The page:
Though I do agree with what you are saying: people have a choice not to use these tools. However, the rules of this product are somewhat hidden -- to the point where you probably won't know your restrictions until you've already put in the work. And also Apple is leveraging their platform dominance in an uncompetitive and unfair manner and should be admonished for it.
Do people really start putting significant effort into projects without thinking about legal issues, distribution, etc.? (I don't consider downloading an app and creating a two page test book as 'significant effort')
I haven't spelled its license recently, but the native code compilers are intended to keep authors locked into Microsoft's ecosystem. Whether that is more or less artificially then this product, I would not know.
Having said that, I agree that this is part of a strategy that is designed to corner a market. Some people would phrase that as "good old capitalism at work", though. I agree with them, except for that "good" adjective.
There is no artificial lock in. They are providing a tool to produce content for their distribution system. That's its point.
The comparison to general purpose tools isn't relevant. Consider if this tool, like iAd Producer, had no ability to export in a format outside of Apple's proprietary one. Would you still be upset?
>And also Apple is leveraging their platform dominance in an uncompetitive and unfair manner and should be admonished for it.
What platform dominance is that? The same people who complain about Apple doing anything that benefits them, seem to constantly tell us that the Kindle is the dominant e-reader and that android is the dominant mobile OS.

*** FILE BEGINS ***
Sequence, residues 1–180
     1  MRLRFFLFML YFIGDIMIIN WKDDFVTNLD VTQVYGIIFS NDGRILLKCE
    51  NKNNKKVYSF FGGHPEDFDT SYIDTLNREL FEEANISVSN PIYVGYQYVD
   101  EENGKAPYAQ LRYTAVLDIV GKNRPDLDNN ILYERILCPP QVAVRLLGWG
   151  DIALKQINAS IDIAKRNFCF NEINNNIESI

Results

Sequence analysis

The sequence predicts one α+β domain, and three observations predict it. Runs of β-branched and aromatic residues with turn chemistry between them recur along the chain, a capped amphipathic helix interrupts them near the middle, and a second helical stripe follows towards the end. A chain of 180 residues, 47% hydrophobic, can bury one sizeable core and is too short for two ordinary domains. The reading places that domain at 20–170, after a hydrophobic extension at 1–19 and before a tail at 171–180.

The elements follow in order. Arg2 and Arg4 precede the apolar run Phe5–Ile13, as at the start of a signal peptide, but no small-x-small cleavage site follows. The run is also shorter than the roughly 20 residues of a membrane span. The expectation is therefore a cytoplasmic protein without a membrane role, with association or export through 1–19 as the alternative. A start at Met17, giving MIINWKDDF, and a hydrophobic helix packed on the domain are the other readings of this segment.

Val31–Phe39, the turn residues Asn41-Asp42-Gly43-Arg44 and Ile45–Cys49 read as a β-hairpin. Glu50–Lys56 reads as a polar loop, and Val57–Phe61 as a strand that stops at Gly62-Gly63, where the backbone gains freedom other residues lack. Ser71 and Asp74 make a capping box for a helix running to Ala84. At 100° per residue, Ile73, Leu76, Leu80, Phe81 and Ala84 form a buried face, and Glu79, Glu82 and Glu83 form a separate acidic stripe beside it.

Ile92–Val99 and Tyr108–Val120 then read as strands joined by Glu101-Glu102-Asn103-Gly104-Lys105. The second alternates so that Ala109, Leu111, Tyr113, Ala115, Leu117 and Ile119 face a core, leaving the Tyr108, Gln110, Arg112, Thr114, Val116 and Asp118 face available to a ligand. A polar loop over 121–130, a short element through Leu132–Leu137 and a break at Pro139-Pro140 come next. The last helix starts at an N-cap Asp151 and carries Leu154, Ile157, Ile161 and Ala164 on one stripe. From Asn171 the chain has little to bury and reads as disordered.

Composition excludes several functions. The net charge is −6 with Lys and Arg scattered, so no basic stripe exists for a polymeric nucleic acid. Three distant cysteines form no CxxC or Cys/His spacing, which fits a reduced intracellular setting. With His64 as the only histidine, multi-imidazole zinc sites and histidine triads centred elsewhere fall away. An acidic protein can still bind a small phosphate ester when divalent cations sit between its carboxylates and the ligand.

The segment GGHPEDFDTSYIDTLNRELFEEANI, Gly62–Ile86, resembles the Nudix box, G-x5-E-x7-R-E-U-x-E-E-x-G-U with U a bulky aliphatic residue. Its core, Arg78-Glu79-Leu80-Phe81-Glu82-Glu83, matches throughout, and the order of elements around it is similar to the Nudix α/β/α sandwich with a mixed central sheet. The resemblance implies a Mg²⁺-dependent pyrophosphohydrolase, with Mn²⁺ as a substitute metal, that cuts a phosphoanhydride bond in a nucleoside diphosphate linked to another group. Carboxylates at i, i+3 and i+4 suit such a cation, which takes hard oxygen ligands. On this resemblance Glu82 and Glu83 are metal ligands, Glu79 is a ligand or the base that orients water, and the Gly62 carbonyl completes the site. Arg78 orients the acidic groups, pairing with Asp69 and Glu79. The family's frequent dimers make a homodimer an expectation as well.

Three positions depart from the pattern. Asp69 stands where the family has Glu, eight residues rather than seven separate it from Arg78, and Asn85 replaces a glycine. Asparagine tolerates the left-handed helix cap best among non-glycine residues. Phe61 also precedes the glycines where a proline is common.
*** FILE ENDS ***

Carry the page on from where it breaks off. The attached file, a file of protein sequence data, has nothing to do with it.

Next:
How is providing new features for electronic books "uncompetitive and unfair"? How is providing a tool that lets you author books that use these new features "uncompetitive and unfair"?
As for competitiveness, this is the very definition of competition. They provided something better, and also provided a tool that lets people easily create content for this better solution. Isn't your real beef that this is competitive?
As for "unfair", it seems that you're the one who is being unfair. You are taking the position that they should provide you tools for free to do what you want in any way you want. You seem to presume an obligation on their part to comply with your arbitrary view that they should give you something for nothing, without restrictions.
I believe the original author's pain is around the paucity of good EPUB publishing tools, and to have one appear with these restrictions makes them sad. It would have been nice if Apple had said, "If you buy a commercial license to this software for $X we won't constrain your ability to sell the books produced." Then at least there would be a way to use to the tool to produce books that would be salable at both Apple and Amazon's shops.
Clearly Apple sees this as a way to build a library of 'exclusive' content in iBooks and mute the Kindle threat. For me at least that shows me just how threatening the Kindle Fire is to their model.
Hell, iBooks Author exports PDFs. PDFs are viewable by Kindle Fires. (And possibly other Kindles.) So iBooks Author already creates content viewable on competitors' platforms.
I'm also not certain the Fire is threatening to Apple. They make far more money off of the hardware than they do off content sold through their various digital media stores.
iBooks Author is not a reaction to the Kindle Fire. Apple has been working on this since before there were rumors that Amazon was going to introduce a tablet of their own.
Steve Jobs even told his biographer about it . Jobs passed away in October, a week after Amazon announced the Kindle Fire.
I don't read it that way at all. I think they want to be properly informed (fine print not counting as "properly"), because they intend to avoid any platform that does this entirely.